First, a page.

Hearing Aids were a Pioneer in Electronics Miniaturization

In Hearing Aids, Hearing Health by Jennifer G. Mayer, Au.D., CCC-A

Jennifer G. Mayer, Au.D., CCC-A
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The history of technology and cultural values are tightly interwoven. With any technological development, you can see how the desires, needs, and values of the surrounding culture prompted the innovation. Although some people tinker with technology with a pure curiosity to understand what is possible, most of the discoveries that make their way to becoming a marketable commodity have a close connection to human desire. This connection makes us wonder how many discoveries have been lost to time simply because they were not valuable to the culture in which they came about. Human needs and desires have a close connection with one specific trend in technology: miniaturization. How exactly are these desires a driving force in the process of miniaturization? 

One of the many interests that prompted these innovations in technology had to do with a stigma on hearing loss. Unfortunately, many people in human history have tried to hide their hearing loss. Rather than talking openly about their abilities and needs, they tried to mask their condition as much as possible. This connection between the human desire to hide hearing loss and the developments of assistive technology resulted in remarkable changes for other domains of technological advancement, as well. 

Mara Mill is a scholar of hearing assistive technology and the history of these developments. In her essay, “Hearing Aids and the History of Electronics Miniaturization,” Mills follows these developments through time, charting the process of Let’s take a look at some key moments in the history of hearing assistive technology and consider how those innovations created the possibility for miniaturization of other electronic components far beyond the context of hearing. 

The History of Hearing Assistance

Human beings have been dealing with hearing loss for our entire history. Although many attempts have been made to amplify sound to a level that can be heard, dating to the earliest evidence from ancient civilizations, these technologies really took off during the era of modernization in the late 18th Century. The market for these hearing technologies can be said to begin in 1800 with the first dedicated hearing assistance company, Frederick Rein of London, who sold hearing trumpets, hearing fans, and conversation tubes. Although these devices did something to amplify the entire sonic environment, they tended to be bulky, cumbersome, and, most importantly, visible. Those who wanted to find discreet ways to assist their hearing without putting hearing loss on display were left with few options until the era of electronics miniaturization.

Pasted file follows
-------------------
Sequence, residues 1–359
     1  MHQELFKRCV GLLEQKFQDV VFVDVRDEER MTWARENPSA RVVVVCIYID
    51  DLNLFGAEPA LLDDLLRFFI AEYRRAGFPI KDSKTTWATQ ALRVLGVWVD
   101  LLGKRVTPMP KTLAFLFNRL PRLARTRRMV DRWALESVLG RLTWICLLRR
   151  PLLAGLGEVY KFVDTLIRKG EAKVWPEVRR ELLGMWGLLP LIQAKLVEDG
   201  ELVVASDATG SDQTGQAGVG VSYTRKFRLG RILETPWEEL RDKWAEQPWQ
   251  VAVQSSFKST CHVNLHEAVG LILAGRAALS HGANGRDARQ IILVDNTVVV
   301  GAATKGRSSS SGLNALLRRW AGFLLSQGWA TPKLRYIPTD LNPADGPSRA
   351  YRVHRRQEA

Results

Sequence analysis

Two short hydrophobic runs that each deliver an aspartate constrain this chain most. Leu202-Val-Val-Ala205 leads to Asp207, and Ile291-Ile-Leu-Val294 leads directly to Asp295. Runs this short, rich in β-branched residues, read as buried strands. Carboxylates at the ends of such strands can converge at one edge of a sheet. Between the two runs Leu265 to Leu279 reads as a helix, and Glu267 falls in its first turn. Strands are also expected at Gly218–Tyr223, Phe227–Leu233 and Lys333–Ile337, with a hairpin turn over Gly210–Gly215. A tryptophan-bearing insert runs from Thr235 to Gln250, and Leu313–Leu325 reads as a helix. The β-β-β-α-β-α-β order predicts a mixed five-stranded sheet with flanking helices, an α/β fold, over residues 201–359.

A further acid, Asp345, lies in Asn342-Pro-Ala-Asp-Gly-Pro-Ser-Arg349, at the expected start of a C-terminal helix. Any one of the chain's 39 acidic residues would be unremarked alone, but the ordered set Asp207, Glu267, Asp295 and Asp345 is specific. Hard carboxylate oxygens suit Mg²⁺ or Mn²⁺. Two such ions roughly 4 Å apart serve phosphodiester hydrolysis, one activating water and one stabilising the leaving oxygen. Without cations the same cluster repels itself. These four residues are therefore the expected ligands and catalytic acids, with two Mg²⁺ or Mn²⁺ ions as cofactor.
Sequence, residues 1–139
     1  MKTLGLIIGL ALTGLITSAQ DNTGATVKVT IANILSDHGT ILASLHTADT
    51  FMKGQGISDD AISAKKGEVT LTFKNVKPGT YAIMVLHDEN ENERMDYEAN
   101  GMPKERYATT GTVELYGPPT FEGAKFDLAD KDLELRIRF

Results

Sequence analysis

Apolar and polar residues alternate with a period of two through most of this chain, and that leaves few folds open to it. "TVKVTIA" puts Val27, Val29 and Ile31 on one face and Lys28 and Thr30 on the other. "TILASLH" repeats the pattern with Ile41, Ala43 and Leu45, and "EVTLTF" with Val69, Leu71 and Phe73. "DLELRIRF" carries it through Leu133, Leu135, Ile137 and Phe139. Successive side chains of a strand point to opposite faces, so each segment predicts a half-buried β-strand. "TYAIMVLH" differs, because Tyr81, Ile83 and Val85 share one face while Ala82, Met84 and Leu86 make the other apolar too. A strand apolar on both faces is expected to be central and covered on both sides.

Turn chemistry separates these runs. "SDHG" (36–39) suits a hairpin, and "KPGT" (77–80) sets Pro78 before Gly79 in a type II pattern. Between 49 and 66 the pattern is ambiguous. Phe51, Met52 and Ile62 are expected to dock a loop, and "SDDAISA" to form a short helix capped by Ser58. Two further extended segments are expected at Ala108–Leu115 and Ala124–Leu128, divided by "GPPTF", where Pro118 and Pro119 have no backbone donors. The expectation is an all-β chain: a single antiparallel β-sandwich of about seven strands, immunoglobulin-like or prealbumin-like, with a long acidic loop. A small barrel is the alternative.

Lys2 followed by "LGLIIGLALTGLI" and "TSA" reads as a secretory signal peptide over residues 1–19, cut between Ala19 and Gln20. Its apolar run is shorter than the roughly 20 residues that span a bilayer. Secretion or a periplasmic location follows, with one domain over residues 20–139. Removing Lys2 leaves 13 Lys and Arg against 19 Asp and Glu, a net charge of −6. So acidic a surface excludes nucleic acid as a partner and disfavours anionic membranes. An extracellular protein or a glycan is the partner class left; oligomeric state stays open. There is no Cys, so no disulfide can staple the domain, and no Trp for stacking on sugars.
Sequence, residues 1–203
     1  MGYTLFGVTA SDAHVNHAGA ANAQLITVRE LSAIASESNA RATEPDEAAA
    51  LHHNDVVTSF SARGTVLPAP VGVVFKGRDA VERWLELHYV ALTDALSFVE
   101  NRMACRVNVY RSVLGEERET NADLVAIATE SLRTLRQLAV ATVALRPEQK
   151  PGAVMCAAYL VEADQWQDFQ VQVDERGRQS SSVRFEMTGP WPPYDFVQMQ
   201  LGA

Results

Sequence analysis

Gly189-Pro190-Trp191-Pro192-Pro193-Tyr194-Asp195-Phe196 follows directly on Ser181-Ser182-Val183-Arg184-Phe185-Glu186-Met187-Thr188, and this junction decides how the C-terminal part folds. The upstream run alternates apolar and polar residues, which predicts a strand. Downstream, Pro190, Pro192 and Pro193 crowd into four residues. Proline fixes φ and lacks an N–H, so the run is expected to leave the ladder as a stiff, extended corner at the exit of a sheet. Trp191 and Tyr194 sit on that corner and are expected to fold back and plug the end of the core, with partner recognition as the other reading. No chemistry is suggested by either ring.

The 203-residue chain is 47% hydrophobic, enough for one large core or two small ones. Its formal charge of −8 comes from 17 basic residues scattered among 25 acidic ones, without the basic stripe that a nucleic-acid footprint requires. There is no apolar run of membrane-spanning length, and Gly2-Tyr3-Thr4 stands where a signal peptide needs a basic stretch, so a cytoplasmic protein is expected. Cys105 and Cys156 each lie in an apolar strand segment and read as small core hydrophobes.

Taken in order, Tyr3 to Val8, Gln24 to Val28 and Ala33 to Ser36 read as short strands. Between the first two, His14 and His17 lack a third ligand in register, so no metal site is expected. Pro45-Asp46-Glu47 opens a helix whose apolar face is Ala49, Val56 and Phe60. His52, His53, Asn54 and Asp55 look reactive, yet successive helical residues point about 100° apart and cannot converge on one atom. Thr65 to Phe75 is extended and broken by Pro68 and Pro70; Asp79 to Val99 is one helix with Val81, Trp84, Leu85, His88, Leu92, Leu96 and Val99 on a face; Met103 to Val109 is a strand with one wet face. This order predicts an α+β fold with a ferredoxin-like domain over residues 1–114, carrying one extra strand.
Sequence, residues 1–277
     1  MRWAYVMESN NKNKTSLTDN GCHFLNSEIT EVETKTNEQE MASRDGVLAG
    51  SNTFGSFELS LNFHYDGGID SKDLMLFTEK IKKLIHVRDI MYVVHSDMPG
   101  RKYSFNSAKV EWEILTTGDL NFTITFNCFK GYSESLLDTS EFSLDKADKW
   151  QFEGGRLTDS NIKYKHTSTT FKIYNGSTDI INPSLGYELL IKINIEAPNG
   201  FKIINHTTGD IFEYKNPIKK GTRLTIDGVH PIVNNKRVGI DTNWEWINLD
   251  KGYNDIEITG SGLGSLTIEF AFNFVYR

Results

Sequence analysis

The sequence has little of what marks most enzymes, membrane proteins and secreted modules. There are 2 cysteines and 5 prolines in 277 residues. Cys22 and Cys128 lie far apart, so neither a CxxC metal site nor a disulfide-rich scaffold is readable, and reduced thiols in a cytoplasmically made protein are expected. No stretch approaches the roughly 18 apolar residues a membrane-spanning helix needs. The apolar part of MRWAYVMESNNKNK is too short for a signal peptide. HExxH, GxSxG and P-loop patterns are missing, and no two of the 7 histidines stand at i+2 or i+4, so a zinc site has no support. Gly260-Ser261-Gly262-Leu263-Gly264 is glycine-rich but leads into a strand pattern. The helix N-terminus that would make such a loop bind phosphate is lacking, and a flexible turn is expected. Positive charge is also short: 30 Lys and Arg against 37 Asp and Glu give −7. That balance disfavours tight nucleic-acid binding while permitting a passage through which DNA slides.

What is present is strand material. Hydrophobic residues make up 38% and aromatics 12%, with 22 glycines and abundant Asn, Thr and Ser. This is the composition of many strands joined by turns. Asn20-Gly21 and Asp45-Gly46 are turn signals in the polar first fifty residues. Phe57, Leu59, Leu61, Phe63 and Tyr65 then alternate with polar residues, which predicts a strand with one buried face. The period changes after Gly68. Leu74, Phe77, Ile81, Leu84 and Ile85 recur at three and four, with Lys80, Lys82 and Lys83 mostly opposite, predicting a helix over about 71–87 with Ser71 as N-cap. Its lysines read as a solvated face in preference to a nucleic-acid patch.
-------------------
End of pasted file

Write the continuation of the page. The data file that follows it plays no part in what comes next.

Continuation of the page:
Miniaturization and Hearing Assistance

As Mills describes, electronics miniaturization efforts were spurred onward by hearing assistive technology. The micro-telephone was an early portable device for this purpose, and the shrinking size of electronics really took off in the early 20th Century. As transistors, printed circuits, and integrated circuits made it possible to reduce the size of audio transformation, these devices were increasingly hidden from sight. Smaller hearing aids were developed through this century, largely driven by the avoidance of bulky, visible technology to assist hearing. These technological innovations turned around and found application in a wide range of contexts, including the portable audio technologies we use today in smartphones and media devices. It is difficult to say where would be with audio electronics were it not for the desire to hide hearing loss from public view. 

Miniature Hearing Aids Today

As the process of miniaturization took place through the 20th Century, ever smaller hearing aids were made available. Indeed, hearing aids are available today that fit entirely inside the ear canal, hidden from sight. Sometimes known as “invisible” hearing aids, the units can provide assistance without any disclosure of hearing loss. 

Although the social stigma on hearing loss is an unfortunate reality of many cultural contexts, that very desire to hide assistive technology led to a wide range of other technologies and applications. If your desire to hide hearing loss from others has been keeping you from getting assistance, there are many options for discreet, stylish, and even completely hidden hearing aids today. 

Don’t let your hesitance to show hearing aids keep you from getting treatment for hearing loss any longer. The time is now to make an appointment for a hearing exam!